The newest Tdi poses 34bhp more than the previous chart topper, along with 22 more torques. It promises to be eager as well as strong, with an overboost function bumping power up to 268bhp and maximum torque available at 1,400 through 3,000rpm.

Visual upgrades accompanying the newfound brunt include a rooftop liner and pillar trim in a metallic black finish on Aventura models. Other features on the top trim include 20″ graphite wheels and Nappa upholstery in the cabin, plus aluminium finish bed cover and underbody plating.

Orders are now open in Germany and will open in the UK in June, with pricing expected to start at £37,000 and £42,000 for Highline and Aventura models respectively. We’ll bring more on UK prices when they’re confirmed.

The offer of £500 deposit contribution on a 5.2% APR Personal Contract Plan is now available on Design and R-Line spec T-Rocs, and now covers the whole T-Roc lineup.

Basic equipment across the T-Roc range includes an eight-inch touchscreen infotainment system, CD player and DAB radio, plus mobile connectivity. Dual zone climate control is also standard.

The compact SUV boasts a five-star Euro NCAP safety rating, with six airbags and advanced driver assists.

VW launched the Design trim specifically for the T-Roc, championing personalisation with the SUV. The two-tone paintwork differentiates the roof, A-pillar and door mirrors from the lower bodywork, accentuating the sporty styling. It also gets tinted rear windows and 17-inch alloy wheels. There’s a host of vibrant interior options, with upholstery available in orange, blue and yellow swatches. Prices for T-Roc Design models start at £26,450.

The R-Line is the sportiest and range-topping trim, and was recently added to the T-Roc and Tiguan Allspace families. It sees the T-Roc get 19-inch alloy wheels, low rolling resistance tyres, a roof spoiler, R-Line badging and a sports suspension. R-Line pricing kicks off at £26,450.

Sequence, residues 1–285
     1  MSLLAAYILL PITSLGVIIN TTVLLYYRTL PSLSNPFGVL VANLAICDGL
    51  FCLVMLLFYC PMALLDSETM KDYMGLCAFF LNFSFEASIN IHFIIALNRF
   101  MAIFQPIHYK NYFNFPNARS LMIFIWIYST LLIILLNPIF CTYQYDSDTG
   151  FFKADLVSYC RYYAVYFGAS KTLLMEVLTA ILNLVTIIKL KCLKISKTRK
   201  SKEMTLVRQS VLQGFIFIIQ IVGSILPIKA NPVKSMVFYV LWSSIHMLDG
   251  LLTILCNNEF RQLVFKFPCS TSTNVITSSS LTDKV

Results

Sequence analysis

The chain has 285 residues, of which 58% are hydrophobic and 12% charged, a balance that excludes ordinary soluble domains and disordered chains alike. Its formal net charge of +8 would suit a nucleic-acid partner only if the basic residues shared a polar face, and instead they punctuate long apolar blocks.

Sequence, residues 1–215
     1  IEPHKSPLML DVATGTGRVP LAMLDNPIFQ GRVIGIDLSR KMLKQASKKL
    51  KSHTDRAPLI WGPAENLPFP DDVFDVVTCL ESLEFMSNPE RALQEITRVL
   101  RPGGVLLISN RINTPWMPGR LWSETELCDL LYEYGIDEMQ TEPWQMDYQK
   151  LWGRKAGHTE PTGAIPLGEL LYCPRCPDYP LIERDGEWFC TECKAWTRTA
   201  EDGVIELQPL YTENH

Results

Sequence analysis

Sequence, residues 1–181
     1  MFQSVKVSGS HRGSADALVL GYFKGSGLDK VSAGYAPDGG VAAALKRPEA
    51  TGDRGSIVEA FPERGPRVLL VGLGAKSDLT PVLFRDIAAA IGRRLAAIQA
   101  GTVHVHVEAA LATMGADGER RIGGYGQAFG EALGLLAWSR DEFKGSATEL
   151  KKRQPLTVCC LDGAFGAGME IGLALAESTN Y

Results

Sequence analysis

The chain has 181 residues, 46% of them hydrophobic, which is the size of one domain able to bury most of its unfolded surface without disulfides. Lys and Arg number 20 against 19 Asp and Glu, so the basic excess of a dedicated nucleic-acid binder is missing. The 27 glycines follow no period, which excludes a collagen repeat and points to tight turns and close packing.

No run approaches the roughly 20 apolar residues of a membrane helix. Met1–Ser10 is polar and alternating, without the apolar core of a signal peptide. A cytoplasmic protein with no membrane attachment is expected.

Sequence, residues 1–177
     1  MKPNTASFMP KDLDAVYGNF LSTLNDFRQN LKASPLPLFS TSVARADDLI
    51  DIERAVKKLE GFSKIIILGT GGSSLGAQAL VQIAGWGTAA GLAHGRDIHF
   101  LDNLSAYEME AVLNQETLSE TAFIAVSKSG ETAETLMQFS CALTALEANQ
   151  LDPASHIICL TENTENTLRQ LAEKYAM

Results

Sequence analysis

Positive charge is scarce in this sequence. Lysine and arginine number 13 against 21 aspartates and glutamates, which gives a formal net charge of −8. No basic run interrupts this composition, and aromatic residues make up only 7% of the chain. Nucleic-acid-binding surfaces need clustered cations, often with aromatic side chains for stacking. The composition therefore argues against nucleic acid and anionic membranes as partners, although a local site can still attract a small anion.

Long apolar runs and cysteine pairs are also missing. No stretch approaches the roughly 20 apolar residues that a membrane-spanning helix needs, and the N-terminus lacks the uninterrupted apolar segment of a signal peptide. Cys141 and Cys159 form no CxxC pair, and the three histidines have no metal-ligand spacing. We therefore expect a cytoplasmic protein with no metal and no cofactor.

Volkswagen’s sporty and top of the range R-Line trim has been added to it’s two newest SUVs.

The compact T-Roc and the family orientated seven seat Tiguan Allspace receive the R-Line treatment, that adds sporty styling cues and equipment upgrades to their rosters.

On the T-Roc R-Line, 19″ alloys along with a sports suspension setup. The exterior visuals are enhanced with R-Line front and rear bumpers, a roof spoiler, black wheel arch extensions and body coloured side skirts.

Inside, the interior is bolstered by a new black roof lining, decorative inserts in the dash and door panels, aluminium pedals along with LED reading lights plus R-Line floor mats and flat-bottomed steering wheel.

The four-wheel drive T-Rocs available in R-line will be the 2.0-litre auto petrol and the 2.0-litre diesel with a six-speed manual, with R-line prices starting at £26,450.

In the Tiguan Allspace, the R-Line additions also include bigger alloys – this time 20″ – and a sports suspension. With the optional Dynamic Chassis Control this can be tailored via sport, comfort or normal settings.

Aluminium dash inserts liven up the R-Line Allspace interior, where a leather three-spoke steering wheel sits before Race cloth seats in a cabin littered with R-Line logos in the upholstery and trimmings.

The 4Motion powerplants available with R-Line trim are all 2.0-litre diesel units, with the 150bhp version available in both six-speed manual and seven-speed auto – a gearbox also on offer with the 190bhp variant. R-Line Tiguan Allspace pricing begins at £35,755.